Appeal from judgment of Court of Common Pleas of Lancaster County, Jan. T., 1966, No. 9, in case of Jeffrey J. Jones, a minor, by his parents and natural guardians, Robert E. Jones and Florence Jones, et al. v. Mary C. Spidle et al.
Daniel H. Shertzer, for appellant.
S. R. Zimmerman, with him Zimmerman, Zimmerman, Myers & Gibbel, for appellees.
Wright, P. J., Watkins, Montgomery, Jacobs, Hoffman, Spaulding, and Hannum, JJ. Opinion by Montgomery, J. Wright, P. J., Watkins and Hannum, JJ., would affirm on the opinion of Wissler, P. J.
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Plaintiff Jeffrey J. Jones, a minor, by his parents and natural guardians, Robert E. Jones and Florence Jones, and in their own right, brought this action against Mary C. Spidle and Charles P. Spidle, partners, doing business as Spidle's Meat Market, and Kenneth L. Huhn, their employe, for injuries sustained by Jeffrey J. Jones, then three years of age, on January 6, 1963, when he was struck by a delivery truck of defendants Spidle and operated by defendant Huhn in Lancaster, Pennsylvania. At the close of plaintiffs' case as to negligence, the defendants moved for a compulsory non-suit, which was granted. A motion to remove this non-suit being overruled the plaintiffs take this appeal.
A compulsory non-suit may be entered only in a clear case, and only where there is no doubt as to the inference to be drawn from the evidence. Weed v. Kerr, 416 Pa. 233, 205 A.2d 858 (1965). When it is entered for lack of evidence to sustain the action it must be so clear that there is no room for fair and reasonable disagreement to it. Lasek v. Jaroschak, 192 Pa. Superior Ct. 350, 162 A.2d 25 (1960).
Viewing the evidence adduced on behalf of plaintiff as true; reading it in the light most favorable to him; giving him the benefit of every reasonable inference that a jury might derive from the evidence and resolving all doubts, if any, in his favor as we are required to do in considering the entry of a compulsory non-suit, the following facts may be taken as established. This accident occurred on Fifth Street in the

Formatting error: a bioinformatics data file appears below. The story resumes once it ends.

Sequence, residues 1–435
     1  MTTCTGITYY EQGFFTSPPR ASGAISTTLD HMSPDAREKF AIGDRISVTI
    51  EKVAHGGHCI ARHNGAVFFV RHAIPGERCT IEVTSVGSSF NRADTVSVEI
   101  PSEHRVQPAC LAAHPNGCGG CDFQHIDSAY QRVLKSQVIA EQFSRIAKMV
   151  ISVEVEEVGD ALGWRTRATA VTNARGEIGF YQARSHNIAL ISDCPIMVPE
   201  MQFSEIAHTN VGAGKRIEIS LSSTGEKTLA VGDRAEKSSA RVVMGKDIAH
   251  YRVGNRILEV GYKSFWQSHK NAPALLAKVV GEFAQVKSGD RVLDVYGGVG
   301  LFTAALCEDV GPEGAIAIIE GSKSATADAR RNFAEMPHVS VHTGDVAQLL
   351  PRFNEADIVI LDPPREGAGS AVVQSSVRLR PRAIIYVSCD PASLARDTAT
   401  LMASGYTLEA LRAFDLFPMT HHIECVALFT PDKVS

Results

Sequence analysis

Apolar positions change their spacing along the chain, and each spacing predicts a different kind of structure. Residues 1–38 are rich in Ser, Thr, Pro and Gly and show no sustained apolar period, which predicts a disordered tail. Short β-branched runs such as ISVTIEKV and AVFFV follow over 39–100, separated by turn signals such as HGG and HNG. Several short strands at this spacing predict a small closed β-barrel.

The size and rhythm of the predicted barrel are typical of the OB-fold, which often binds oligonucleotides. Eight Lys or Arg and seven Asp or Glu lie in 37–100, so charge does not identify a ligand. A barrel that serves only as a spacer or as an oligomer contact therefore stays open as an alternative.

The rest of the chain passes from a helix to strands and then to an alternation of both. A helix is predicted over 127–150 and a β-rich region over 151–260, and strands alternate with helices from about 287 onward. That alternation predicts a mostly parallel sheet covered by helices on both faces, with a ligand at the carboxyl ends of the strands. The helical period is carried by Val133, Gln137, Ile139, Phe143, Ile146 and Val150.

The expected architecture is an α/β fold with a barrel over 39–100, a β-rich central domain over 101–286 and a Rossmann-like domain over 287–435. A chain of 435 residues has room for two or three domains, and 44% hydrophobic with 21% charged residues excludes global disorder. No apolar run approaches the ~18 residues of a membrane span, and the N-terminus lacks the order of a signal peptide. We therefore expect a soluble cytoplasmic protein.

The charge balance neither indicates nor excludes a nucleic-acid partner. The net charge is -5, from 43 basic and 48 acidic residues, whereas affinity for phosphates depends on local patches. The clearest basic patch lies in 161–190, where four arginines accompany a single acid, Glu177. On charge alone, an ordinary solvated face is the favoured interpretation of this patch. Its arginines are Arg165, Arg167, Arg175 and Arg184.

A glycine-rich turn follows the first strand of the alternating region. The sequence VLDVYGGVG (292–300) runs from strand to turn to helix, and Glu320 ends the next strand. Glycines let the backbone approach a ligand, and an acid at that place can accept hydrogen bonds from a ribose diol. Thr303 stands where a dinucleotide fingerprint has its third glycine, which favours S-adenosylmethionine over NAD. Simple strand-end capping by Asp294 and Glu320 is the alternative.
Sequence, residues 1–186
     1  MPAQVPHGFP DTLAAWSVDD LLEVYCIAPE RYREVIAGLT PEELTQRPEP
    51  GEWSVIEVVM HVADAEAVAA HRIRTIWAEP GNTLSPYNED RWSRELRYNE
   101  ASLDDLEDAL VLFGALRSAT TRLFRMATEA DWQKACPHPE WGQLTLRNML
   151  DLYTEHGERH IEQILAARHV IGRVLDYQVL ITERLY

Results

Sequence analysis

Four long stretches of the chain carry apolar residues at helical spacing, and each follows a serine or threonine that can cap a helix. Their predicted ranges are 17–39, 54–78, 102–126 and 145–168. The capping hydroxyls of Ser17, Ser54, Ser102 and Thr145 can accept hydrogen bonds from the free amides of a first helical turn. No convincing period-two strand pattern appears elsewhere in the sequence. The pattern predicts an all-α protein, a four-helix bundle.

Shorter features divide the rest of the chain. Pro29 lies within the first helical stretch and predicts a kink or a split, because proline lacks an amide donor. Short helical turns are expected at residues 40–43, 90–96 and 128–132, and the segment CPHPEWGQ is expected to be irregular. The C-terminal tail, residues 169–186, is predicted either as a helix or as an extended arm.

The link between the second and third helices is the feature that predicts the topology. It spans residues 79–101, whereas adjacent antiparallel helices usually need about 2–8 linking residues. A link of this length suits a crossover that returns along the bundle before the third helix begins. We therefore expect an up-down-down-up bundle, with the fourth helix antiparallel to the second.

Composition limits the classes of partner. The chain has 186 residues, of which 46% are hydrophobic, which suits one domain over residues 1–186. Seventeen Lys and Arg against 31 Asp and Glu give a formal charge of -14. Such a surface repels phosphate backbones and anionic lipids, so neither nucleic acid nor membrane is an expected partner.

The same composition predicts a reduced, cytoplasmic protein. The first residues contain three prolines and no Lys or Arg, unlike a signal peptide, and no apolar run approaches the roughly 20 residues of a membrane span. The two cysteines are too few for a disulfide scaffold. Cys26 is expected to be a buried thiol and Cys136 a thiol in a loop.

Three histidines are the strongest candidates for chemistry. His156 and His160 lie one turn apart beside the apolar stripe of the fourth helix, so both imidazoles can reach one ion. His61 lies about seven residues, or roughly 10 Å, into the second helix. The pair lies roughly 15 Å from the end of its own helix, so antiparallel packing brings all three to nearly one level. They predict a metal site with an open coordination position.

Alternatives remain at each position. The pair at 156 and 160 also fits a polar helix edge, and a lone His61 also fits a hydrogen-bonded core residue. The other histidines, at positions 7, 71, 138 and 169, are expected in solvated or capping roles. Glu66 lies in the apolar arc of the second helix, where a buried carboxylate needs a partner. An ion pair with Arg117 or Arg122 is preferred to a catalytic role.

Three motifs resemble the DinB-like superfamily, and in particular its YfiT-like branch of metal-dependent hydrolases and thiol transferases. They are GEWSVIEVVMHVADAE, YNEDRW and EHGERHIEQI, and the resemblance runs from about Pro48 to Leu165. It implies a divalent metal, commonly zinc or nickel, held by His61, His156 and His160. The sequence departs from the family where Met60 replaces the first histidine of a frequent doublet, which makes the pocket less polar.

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City of Lancaster, Pennsylvania, in a residential district. Fifth Street at the point of the accident is a two-lane street nineteen feet three inches wide and is designated as a one-way street with the right lane designated for parking and the left lane for travel.
The minor plaintiff, Jeffrey, three years old at the time, had been seen playing with his brother Robert, then five years old, on the left side of the street about ten to fifteen minutes before the accident in which Jeffrey was struck by the front of a Volkswagen truck traveling 20 to 25 miles per hour, operated by Kenneth L. Huhn, an employe of the other defendants who owned the truck. A dent on the truck indicated that the impact had occurred between the right headlight and the center emblem. The driver of the truck testified on cross-examination that he first saw the child inches to a foot in front of his truck, ". . . in fact the first time I saw him was when he was out in the street and he was about even with the right front of my truck. I immediately applied my brakes and I felt the front of the truck strike the child." The truck traveled 115 1/2 feet before stopping, during part of which distance the child was being carried underneath the truck, and left two skid marks on the street, one thirteen feet in length and the other ten feet three inches.
The pertinent principles of law are clear in this case. If a child is in a place of danger on a public highway for sufficient time for the driver of an automobile in the exercise of due care to see him and stop his car, or otherwise avoid hitting him, the driver is guilty of negligence if he fails to do so. Zernell v. Miley, 417 Pa. 17, 208 A.2d 264 (1965); Berk v. LeQuin, 412 Pa. 88, 194 A.2d 136 (1963); Derr v. ...